“Maybe we should wait for Suman and the rest of our friends to arrive,” I suggested, hoping to stall our departure.
“No need. They wouldn’t care.” My sister was quite headstrong for her tender age of 7.
“Let’s tell grandma at least,” I implored
“She’s taking her afternoon nap. I don’t think she would want to be bothered. Wait! Are you afraid?” she asked after a pause.
I saw that look in her face-the wide grin, the teasing eyes. I didn’t want to be humiliated by her in front of these new kids. I decided it was best to just tag along quietly. After all, what’s the worst that could happen in this sleepy little town?
I held on tightly to my sister’s hand as we followed these kids down familiar streets.
Several minutes later we found ourselves standing outside the forbidden house. I couldn’t believe it. My sister beamed proudly, pleased with her decision of sacrificing an ordinary afternoon with familiar friends for the thrill of new adventures.
From inside, the house looked just as I had imagined it to be – structurally at least. There was a central courtyard with several rooms arranged around the perimeter. In the center of the courtyard, among some overgrown grass, stood a rusty water hand pump that looked like it hadn’t been used for ages. Wild flora had graciously claimed the cracks in the floor. I looked around to catch any sign of the presence of a grownup in the house, but couldn’t see anyone.
I tugged at my sister’s hand. “I don’t like this,” I said.
“You’ll be fine,” she laughed as she followed the children up several flights of narrow steps that led up to up to the third story terrace.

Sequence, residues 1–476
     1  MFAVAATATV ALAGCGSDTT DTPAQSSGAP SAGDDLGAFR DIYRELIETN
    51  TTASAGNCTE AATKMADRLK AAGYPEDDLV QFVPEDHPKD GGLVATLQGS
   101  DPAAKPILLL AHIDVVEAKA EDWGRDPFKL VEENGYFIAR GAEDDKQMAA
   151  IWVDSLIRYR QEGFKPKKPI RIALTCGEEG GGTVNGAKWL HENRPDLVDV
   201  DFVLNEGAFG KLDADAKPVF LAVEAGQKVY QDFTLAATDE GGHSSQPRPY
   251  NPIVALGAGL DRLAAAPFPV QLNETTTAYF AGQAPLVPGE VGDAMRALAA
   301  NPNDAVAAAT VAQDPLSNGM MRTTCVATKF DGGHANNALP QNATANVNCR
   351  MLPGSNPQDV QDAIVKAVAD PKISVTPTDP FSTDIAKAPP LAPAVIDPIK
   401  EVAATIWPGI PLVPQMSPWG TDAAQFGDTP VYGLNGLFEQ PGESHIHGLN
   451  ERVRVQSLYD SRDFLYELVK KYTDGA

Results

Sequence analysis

The kids skipped up the flight of steps with my sister in close pursuit. I hesitantly followed suit. All I wanted was to quickly finish off that game of hopscotch and return home.
What they did next was anything but hopscotch.
I stood watching in disbelief as they took turns jumping off the terrace and onto the hard courtyard below. Their landing had a strange dream like quality to it- light and soundless. Like a feather.
They would then come back effortlessly skipping up the steps for a repeat performance.
They motioned with their hands encouraging me and my sister to join them in this unusual form of fun.
This game just didn’t make sense. How could anyone jump off that height, land like a feather and not get hurt?
By now I had noticed that my sister was mesmerized by this game. She had joined them in the end of the queue, awaiting her turn to jump. I inched closer to her and clutched her arm.
“I don’t like this. I really think we should go home,” I said almost weepy.
“Scaredy cat, scaredy cat…” she teased as she crudely jerked my sweaty palm away.
It was now Mayoori’s turn. She stood at the edge, her toes aligned with the outer border of the ledge. She looked down at the kids in the courtyard cheering her on.
I felt a current run down my legs, my heart thumping in my throat.
Mayoori closed her eyes and took a deep breath. With her arms stretched out by her side, she leaned forward.
And then she hesitated- for an iota of a second.
She wobbled back and forth, but it was too late.
I heard a heart stopping wail, followed by a deadening silence.